Yield, performance help pick seed
The lessons learned this past growing season are good reminders as growers develop plans for this upcoming spring. For some, seed purchase decisions are already made, but according to some agronomists and seed sales representatives, purchase decisions were running in delayed mode at the end of 2009.
The lessons learned from the 2009 corn crop vary depending on local conditions. Statewide, growing degree accumulation was significantly below normal, and the fall harvest conditions tended to be challenging with a wet October and abnormally higher grain moisture levels. In general, corn growers were harvesting later and at higher moisture levels, and a fair amount of corn went unharvested due to snowstorms in December. The good news is that in general, excellent yields were observed.
These lessons can be used in making profitable corn management decisions for 2010. The first decision is selecting corn hybrids, and I would suggest a minimum of four decision resources: the University of Wisconsin Corn Hybrid Performance Trial Results, UW Crop Seed Price Calculator, seed company hybrid trial results and, of course, your on-farm yields and other observations.
The UW Corn Hybrid Performance Trial Results are available in print or on the Corn Agronomy Web site. This independent trial makes objective comparisons of equal-maturity hybrids. Multi-location observations are the most important element for corn growers to focus upon. Select five to 10 hybrids from the trial that are starred with an asterisk in the shaded areas of the data. I caution corn growers that selecting hybrids from only one or two location trials is risky because the overall performance of a hybrid in one environment might be OK, but it might not do so well in another environment.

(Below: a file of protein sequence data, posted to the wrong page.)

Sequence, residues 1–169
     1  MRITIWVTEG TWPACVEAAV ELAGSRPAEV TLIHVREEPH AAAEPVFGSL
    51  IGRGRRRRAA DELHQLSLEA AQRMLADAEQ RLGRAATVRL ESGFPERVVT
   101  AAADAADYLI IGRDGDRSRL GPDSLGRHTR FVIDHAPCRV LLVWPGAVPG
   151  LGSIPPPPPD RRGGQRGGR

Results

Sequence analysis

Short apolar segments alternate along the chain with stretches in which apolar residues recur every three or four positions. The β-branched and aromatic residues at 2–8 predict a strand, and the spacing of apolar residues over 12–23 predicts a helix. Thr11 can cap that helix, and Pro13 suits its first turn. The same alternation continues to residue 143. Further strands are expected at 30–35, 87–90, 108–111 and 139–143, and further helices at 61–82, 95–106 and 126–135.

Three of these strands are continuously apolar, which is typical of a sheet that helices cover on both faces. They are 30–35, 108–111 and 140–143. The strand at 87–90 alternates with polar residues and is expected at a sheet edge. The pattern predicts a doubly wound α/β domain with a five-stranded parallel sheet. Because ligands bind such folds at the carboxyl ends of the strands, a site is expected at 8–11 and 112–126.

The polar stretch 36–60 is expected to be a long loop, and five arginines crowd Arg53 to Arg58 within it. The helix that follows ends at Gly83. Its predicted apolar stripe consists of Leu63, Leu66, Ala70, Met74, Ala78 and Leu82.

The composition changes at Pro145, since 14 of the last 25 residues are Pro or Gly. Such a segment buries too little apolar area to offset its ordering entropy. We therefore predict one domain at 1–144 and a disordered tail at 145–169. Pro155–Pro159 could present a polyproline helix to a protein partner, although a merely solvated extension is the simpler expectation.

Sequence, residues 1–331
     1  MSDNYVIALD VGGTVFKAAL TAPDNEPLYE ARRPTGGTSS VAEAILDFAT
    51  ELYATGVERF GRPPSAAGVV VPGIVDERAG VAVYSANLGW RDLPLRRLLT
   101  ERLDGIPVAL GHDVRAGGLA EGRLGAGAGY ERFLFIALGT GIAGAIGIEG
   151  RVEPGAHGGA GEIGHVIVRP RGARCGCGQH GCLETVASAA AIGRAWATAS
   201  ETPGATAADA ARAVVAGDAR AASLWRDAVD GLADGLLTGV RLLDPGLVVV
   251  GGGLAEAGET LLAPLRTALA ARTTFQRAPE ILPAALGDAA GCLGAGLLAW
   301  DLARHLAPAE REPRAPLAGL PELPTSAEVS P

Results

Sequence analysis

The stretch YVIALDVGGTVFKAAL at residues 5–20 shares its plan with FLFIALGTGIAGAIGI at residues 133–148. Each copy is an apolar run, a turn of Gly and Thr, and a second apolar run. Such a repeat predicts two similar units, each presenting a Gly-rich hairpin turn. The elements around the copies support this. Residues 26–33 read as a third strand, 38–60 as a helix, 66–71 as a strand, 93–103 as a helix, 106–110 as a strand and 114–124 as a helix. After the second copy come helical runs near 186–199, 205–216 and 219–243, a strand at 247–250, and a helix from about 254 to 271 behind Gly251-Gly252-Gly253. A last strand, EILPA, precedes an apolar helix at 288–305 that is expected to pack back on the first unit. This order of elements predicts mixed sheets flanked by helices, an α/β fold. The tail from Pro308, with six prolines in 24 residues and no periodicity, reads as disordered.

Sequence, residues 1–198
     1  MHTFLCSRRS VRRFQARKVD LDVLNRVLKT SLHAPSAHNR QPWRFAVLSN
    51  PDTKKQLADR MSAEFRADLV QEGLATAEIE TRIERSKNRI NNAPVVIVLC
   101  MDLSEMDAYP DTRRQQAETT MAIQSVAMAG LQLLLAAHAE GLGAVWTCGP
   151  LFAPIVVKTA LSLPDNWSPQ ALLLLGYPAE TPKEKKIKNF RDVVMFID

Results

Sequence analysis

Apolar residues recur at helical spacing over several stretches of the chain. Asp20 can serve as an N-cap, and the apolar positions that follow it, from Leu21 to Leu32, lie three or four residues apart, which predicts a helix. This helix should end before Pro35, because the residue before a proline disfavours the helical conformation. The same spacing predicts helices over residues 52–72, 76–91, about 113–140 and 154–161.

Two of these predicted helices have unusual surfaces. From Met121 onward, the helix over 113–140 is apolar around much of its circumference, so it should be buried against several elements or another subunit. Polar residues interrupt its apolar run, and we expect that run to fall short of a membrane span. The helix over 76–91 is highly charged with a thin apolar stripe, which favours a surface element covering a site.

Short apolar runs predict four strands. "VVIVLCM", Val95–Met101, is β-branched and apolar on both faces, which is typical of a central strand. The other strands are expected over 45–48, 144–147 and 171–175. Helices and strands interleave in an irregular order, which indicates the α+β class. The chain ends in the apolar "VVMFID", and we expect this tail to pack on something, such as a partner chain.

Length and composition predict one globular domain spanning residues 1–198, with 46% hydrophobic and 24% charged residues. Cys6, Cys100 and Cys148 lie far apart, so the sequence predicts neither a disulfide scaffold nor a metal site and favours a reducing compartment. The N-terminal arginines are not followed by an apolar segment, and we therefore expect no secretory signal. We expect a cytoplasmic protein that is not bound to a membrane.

Seed prices make a difference
The undeniable fact is that seed prices have increased. And, let us remind ourselves that corn hybrid performance continues to march forward at a technologically advanced pace. Yields once thought unattainable are now real. Belowground and aboveground insect protection, herbicide tolerance, disease protection, and so on are a part of varying genetic stacks. With all those choices, how can corn growers make profitable choices buying seed? The UW Crop Seed Price Calculator takes into account virtually all comparisons, including seed cost. The bottom line is that seed cost has to be part of your purchase decisions. In the past, yield performance differences all but ruled out variations in seed prices, but that is no longer true.
Hybrid seed company trial information is also very helpful. Companies know their hybrids and invest significant resources to test, compare and improve their products. Utilize company data especially focused on multiple locations.
And finally, review your own test plot data. Expand your test plot locations if possible.
For more information, visit the Corn Agronomy Web site at corn.agronomy.
Andrews is the Pierce County Extension ag agent.
This article published in the February, 2010 edition of WISCONSIN AGRICULTURIST.
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